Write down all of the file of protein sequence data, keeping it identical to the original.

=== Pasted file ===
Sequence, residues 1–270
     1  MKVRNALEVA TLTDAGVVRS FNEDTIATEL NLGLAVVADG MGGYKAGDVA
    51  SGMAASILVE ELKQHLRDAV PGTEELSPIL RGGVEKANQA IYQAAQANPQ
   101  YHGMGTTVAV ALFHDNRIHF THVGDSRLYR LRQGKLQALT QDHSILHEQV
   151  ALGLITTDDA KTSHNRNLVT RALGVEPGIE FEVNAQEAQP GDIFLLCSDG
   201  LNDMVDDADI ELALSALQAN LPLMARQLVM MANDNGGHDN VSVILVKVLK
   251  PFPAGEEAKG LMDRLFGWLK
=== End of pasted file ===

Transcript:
Sequence, residues 1–270
     1  MKVRNALEVA TLTDAGVVRS FNEDTIATEL NLGLAVVADG MGGYKAGDVA
    51  SGMAASILVE ELKQHLRDAV PGTEELSPIL RGGVEKANQA IYQAAQANPQ
   101  YHGMGTTVAV ALFHDNRIHF THVGDSRLYR LRQGKLQALT QDHSILHEQV
   151  ALGLITTDDA KTSHNRNLVT RALGVEPGIE FEVNAQEAQP GDIFLLCSDG
   201  LNDMVDDADI ELALSALQAN LPLMARQLVM MANDNGGHDN VSVILVKVLK
   251  PFPAGEEAKG LMDRLFGWLK